COVID-19 Vaccine Attitudes Among Nonelderly Adults Who Reported Being Unlikely to Get Vaccinated

A pharmacy window, showing a pharmacist inside filling in paperwork.

Research shows that many adults who were not interested in getting the COVID-19 vaccine in December 2020 had not changed their minds when contacted again earlier this year.

The Issue

As the country works to meet the government's goal of vaccinating 70 percent of U.S. adults, survey data shows that many who expressed hesitancy about getting vaccinated in late 2020 remain skeptical. Respondents who reported that they remain unlikely to get vaccinated say they have difficulty trusting the safety of the vaccines as a result of growing political baggage and misinformation.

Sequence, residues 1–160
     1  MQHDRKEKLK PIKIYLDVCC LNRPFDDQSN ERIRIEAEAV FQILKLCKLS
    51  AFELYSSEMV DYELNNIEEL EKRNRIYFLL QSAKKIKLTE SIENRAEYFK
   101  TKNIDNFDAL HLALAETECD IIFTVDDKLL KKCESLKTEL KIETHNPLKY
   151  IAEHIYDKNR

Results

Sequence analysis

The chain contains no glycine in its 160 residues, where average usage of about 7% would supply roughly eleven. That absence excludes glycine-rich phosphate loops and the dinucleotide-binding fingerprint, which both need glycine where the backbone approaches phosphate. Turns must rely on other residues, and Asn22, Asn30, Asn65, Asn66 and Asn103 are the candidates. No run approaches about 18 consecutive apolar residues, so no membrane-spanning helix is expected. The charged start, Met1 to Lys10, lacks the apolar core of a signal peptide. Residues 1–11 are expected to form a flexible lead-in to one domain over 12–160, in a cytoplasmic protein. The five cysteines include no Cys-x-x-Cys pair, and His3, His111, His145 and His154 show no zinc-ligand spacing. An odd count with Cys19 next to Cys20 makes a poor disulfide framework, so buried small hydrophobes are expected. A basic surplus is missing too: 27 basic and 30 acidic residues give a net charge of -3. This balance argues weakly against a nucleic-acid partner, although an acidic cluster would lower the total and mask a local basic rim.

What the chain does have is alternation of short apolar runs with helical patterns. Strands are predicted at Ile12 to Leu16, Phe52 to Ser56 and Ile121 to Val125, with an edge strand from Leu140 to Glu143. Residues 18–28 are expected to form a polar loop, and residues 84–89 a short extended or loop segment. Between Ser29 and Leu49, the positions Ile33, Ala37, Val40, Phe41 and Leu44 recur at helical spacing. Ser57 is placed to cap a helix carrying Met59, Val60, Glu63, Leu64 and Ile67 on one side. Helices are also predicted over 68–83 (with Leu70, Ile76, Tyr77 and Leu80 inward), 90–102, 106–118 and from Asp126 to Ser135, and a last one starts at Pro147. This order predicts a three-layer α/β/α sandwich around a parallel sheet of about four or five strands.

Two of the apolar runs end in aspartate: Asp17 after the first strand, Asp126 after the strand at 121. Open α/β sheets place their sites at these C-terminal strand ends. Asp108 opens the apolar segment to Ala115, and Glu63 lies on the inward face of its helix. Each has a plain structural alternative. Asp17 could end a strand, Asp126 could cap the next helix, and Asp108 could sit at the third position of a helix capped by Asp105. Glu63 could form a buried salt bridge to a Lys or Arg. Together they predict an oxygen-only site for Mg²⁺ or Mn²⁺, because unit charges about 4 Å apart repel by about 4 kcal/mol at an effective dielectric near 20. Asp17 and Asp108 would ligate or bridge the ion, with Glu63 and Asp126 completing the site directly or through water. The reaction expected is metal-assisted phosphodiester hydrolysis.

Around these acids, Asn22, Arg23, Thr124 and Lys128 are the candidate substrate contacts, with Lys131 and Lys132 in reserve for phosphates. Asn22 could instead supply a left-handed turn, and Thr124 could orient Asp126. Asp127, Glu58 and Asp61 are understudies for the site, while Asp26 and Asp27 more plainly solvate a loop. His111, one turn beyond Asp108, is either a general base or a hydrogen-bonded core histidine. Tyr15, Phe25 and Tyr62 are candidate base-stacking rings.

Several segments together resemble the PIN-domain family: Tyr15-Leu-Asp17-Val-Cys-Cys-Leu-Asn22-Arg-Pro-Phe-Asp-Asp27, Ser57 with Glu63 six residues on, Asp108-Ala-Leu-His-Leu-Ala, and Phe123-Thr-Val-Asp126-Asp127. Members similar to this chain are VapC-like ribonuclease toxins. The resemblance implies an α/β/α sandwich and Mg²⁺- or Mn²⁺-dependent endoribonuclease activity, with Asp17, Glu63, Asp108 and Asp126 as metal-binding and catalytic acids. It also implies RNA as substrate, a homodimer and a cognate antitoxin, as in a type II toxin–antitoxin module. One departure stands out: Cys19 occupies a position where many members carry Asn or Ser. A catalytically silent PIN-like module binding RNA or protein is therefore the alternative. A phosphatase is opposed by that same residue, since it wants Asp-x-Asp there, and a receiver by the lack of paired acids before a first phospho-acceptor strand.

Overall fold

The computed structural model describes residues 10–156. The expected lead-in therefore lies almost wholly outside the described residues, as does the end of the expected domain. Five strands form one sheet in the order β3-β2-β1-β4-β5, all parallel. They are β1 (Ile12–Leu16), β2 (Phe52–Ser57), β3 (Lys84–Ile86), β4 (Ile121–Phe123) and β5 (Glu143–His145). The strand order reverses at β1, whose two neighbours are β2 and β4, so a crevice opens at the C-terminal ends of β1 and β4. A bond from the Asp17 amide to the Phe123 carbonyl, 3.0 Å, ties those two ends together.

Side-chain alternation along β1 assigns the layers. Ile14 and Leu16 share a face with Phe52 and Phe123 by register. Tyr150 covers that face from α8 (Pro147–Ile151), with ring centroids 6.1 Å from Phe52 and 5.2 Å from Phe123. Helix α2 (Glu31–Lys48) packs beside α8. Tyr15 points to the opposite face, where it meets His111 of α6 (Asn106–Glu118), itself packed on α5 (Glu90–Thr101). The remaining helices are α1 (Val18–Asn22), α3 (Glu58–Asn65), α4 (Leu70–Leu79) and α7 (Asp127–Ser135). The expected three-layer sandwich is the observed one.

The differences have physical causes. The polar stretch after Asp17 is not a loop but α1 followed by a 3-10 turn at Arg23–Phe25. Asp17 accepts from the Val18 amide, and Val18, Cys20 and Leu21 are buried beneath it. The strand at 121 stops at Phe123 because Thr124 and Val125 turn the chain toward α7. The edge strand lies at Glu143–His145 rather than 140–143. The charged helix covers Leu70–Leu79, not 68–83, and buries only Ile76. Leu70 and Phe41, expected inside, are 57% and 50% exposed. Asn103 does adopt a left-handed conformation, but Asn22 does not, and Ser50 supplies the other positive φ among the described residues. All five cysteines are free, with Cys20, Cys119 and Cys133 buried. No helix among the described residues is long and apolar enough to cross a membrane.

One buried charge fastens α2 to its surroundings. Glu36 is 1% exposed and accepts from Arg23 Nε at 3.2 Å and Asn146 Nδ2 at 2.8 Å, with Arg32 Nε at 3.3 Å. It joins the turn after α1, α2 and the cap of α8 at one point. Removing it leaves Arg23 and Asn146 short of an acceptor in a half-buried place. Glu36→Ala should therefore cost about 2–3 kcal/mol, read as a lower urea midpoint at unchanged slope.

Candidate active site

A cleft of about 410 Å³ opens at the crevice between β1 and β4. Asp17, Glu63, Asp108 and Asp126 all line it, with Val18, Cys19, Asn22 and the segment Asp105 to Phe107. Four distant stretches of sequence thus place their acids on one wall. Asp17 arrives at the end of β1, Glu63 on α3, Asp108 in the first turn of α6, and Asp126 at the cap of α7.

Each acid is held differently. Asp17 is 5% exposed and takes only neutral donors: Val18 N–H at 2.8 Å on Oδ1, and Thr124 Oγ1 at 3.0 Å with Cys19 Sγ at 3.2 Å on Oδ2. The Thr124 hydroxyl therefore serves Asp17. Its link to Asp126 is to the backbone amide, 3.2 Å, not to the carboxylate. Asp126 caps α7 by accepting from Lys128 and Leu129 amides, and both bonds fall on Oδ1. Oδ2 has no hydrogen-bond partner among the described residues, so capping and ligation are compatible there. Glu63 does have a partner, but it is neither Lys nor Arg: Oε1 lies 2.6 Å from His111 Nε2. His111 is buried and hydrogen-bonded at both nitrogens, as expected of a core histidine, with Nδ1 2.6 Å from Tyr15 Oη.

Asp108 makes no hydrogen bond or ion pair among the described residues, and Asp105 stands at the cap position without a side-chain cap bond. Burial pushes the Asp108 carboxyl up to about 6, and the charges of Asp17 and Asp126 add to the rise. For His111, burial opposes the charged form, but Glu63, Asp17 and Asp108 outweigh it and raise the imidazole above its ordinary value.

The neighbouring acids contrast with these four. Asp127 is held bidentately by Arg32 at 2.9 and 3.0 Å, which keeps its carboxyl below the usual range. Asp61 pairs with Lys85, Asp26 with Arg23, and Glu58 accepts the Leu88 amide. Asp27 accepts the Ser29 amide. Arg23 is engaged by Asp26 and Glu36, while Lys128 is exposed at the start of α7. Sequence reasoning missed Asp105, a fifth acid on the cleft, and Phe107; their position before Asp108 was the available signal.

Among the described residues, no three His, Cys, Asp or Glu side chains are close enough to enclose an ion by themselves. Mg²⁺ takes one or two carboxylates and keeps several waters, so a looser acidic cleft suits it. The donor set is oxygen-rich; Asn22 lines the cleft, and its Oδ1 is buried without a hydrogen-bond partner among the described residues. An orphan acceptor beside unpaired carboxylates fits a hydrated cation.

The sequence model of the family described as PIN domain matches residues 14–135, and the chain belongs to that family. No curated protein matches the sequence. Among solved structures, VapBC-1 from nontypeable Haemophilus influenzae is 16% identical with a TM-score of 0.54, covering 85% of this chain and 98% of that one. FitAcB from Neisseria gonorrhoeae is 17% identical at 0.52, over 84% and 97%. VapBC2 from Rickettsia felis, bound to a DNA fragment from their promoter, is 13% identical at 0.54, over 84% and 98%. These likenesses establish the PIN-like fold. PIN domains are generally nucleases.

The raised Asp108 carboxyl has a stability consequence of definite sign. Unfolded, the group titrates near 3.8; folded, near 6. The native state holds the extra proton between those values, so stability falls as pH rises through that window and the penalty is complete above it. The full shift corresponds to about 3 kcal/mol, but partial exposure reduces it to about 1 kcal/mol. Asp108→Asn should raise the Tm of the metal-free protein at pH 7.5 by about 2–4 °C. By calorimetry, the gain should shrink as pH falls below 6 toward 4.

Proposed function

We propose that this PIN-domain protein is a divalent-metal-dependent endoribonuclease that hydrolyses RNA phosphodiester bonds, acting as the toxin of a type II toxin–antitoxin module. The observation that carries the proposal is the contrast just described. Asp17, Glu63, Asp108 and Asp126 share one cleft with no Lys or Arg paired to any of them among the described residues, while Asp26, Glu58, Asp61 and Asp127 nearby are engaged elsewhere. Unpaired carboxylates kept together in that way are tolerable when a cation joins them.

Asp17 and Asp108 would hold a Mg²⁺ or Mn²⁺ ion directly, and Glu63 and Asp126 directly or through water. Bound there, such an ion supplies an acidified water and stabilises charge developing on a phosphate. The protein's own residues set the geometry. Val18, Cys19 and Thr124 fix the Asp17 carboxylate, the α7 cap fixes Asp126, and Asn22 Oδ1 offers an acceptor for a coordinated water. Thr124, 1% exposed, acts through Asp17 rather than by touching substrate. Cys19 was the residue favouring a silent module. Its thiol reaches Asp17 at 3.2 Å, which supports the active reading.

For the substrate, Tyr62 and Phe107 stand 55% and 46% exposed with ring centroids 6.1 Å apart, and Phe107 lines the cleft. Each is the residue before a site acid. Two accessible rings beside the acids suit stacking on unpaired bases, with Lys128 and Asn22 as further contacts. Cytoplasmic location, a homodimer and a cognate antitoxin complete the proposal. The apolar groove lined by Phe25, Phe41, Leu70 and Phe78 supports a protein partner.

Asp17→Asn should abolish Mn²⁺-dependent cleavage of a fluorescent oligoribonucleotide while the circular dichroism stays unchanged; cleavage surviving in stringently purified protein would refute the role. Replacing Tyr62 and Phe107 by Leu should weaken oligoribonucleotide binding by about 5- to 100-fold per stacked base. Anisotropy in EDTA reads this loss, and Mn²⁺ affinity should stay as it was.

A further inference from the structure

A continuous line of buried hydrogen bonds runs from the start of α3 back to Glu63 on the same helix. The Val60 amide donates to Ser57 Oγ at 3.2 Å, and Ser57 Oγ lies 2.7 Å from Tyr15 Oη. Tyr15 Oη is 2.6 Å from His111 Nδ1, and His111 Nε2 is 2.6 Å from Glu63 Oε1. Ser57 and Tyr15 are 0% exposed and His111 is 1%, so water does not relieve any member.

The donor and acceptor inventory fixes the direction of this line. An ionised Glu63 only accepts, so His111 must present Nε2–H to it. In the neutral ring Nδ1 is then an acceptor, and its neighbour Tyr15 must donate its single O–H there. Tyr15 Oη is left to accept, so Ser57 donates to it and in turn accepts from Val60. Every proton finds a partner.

Key Findings

  • Short- and long-term side effects of the vaccines, and their accelerated development, remain top concerns among those who reported being unlikely to get vaccinated.

  • Interviewees mainly relied on television news programs and online news media for information about the vaccines.

  • Despite not wanting a vaccine, some interviewees wanted their high-risk loved ones to get vaccinated.

  • Health care providers emerged as a trusted source of information about the vaccines.


Mobilizing trusted messengers like physicians will be crucial to continue efforts to vaccinate as many individuals as possible in an effort to meet the government's goal of vaccinating 70 percent of U.S. adults. 

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